It got heated at a Senate Homeland Security Committee hearing when Rand Paul of Kentucky walked out over an arcane procedural disagreement as Kyrsten Sinema of Arizona tried to cool tempers.
“I request a recorded vote,” Ranking Member Paul said.
“I also have a second degree amendment and I recognize myself to offer a second degree amendment,” Committee Chairman Sen. Gary Peters (D-MI) replied. “My second degree amendment would direct — “
“Point of inquiry. Point of inquiry,” Paul interrupted.
“ — GAO to issue an audit of the U.S Fire Administration — “ Peters continued.
“Point of inquiry,” Paul repeated.
“ — three years of enactment to continue improving — “ Peters carried on.
“Point of inquiry,” Paul insisted.
“Yes, go ahead,” Peters replied.
“We have, what, unlimited second degree amendments?” Paul asked.
“We have a second degree amendment, I’ve recognized myself for my second degree amendment,” Peters said.
“Your second degree amendment to a second degree amendment?” Paul asked.
“No, it’s a second degree amendment is being offered to the Scott Amendment,” Peters responded.
“No, I — I already called up a second degree amendment to the Scott Amendment,” Paul commented.
“You can’t call it up, senator,” Peters replied. “Only the chair can call it up.”
“Well, I was recognized to call it up the same way we have recognized for every other amendment,” Paul answered. “You recognized me and I called it up.”
“You were recognized to call it up for a vote,” Peters objected. “I will — only a chair can do that.”
“If this is the way you’re going to run the committee, I would suggest that Republicans leave. I don’t see why we should stick around if you’re going to make up the rules,” Paul said heatedly at one point.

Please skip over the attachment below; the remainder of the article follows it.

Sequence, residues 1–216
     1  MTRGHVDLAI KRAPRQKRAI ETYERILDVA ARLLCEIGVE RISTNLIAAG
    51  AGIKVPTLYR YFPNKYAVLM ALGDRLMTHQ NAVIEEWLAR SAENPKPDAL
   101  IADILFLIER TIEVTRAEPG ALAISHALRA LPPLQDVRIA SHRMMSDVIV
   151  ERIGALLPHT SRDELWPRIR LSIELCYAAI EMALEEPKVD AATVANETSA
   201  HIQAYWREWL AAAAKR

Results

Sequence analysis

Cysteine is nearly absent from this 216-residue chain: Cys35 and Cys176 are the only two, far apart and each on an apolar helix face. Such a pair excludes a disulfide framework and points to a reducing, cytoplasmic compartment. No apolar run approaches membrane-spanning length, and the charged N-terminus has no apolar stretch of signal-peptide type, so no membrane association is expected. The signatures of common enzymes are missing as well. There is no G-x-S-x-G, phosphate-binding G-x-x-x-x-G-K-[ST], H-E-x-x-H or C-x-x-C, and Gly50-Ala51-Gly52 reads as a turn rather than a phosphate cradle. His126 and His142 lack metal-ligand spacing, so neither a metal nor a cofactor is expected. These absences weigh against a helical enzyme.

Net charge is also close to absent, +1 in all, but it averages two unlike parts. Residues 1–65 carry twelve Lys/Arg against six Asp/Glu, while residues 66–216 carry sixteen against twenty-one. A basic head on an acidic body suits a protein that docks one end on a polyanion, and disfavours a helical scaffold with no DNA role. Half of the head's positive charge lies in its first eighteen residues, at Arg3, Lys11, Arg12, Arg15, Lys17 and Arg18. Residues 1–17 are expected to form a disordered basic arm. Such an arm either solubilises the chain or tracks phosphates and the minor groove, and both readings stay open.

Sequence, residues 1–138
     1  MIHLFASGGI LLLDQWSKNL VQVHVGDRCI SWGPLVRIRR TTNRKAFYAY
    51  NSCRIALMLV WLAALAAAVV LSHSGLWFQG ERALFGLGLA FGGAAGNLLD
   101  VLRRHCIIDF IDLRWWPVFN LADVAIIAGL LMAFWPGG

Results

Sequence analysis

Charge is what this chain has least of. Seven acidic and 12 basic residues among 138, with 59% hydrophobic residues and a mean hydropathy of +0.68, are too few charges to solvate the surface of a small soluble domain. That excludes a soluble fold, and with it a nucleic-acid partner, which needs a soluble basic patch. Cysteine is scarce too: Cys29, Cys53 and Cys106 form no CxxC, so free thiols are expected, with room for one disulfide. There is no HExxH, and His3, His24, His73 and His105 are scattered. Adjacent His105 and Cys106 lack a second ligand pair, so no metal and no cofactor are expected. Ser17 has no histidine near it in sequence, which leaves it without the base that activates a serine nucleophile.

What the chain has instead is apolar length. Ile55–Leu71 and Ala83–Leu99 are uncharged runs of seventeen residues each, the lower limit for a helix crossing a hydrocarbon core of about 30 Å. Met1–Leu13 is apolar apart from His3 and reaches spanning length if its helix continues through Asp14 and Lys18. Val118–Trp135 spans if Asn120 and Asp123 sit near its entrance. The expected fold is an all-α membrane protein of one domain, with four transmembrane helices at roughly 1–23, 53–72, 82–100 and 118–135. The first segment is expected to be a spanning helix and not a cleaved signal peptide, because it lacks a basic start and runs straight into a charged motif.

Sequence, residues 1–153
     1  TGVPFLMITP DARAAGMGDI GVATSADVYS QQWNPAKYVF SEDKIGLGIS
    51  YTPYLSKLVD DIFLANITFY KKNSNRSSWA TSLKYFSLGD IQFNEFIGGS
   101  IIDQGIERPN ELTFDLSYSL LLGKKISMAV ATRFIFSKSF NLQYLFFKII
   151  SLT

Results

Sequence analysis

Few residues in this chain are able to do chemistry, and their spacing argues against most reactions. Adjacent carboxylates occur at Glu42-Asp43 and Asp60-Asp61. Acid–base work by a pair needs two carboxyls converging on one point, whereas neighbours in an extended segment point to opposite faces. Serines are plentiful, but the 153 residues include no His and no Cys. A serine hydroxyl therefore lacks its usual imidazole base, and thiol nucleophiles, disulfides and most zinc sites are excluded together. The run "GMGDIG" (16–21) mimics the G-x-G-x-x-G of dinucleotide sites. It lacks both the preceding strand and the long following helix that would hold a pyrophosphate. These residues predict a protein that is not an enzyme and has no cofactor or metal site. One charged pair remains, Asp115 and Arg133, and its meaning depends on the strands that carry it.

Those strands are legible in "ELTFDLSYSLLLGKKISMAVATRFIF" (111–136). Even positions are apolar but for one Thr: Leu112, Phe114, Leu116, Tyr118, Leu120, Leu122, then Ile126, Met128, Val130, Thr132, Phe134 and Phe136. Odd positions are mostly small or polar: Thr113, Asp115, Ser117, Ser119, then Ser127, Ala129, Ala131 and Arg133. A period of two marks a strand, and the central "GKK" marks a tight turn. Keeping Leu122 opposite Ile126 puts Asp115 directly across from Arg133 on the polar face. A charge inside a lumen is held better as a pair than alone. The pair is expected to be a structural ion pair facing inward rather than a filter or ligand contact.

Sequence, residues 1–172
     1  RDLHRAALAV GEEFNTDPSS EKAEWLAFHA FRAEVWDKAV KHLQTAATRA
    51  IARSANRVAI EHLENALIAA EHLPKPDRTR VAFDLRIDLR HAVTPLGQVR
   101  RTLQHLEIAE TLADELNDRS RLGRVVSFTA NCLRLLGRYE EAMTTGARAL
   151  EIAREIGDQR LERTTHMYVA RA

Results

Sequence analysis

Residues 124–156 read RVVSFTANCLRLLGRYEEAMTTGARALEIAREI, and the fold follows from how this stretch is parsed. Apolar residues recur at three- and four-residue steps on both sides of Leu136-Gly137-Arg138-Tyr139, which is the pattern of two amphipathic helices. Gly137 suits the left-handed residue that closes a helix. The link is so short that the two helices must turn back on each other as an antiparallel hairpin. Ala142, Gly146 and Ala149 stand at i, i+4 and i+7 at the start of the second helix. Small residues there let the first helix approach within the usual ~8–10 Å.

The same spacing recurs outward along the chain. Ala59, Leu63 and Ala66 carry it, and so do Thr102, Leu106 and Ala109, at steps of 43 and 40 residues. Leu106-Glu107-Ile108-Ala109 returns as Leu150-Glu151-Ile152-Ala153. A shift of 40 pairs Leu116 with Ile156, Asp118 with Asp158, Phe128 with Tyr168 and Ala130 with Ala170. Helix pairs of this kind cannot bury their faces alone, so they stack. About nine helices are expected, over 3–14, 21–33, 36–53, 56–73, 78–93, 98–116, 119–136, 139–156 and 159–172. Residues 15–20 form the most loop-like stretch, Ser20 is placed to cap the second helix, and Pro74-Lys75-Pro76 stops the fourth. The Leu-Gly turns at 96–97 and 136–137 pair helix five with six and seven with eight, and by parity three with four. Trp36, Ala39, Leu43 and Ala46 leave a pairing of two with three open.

The procedural argument turned increasingly hostile and Kyrsten Sinema (I-AZ) tried to calm down the senators.
“You don’t have to escalate this to a situation where folks are walking out,” Sinema pleaded. “Now, we can just ask folks who can explain the rules to us and then we’ll follow them…”
“Who do we ask?” Paul asked. “Just the majority staff?”
“Let’s consult the folks,” Sinema said and pointed out towards the chamber. “I mean, the rules are written down. We can follow them. I don’t think that we need to escalate this to become a spectacle.”
But that’s exactly what Paul did. He gathered up his things and he walked out.
What was the argument about? Peters was using procedural tactics to keep Democrats on the committee from voting on the Republicans’ amendments to the Fire Grants and Safety Act.
According to Senator Peters’ official website, “The Fire Grants and Safety Act reauthorizes SAFER, AFG, and the USFA until 2030. It authorizes $95 million for USFA – a nearly $20 million increase from current levels, and maintains currently authorized levels of funding for the SAFER and AFG programs.”
As reported by The Hill, “Paul offered an amendment to make any fire department that terminated firefighters for refusing a COVID-19 vaccine or speaking out against the mandate ineligible for federal grants. Under Paul’s proposal, fire departments that fired employees for refusing vaccines could become eligible for federal money by offering those individuals reinstatement and backpay.”
Peters offered second-degree amendments to the Republican-sponsored amendments that completely gutted their content.
As Paul stormed out of the room, Sinema urged senators to “take a couple minutes, lower the temperature, just figure out the procedure.”
“There’s no need for us to turn this committee hearing into a partisan, ugly place like we’ve seen in other committees,” she added.
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OPINION: This article contains commentary which reflects the author's opinion.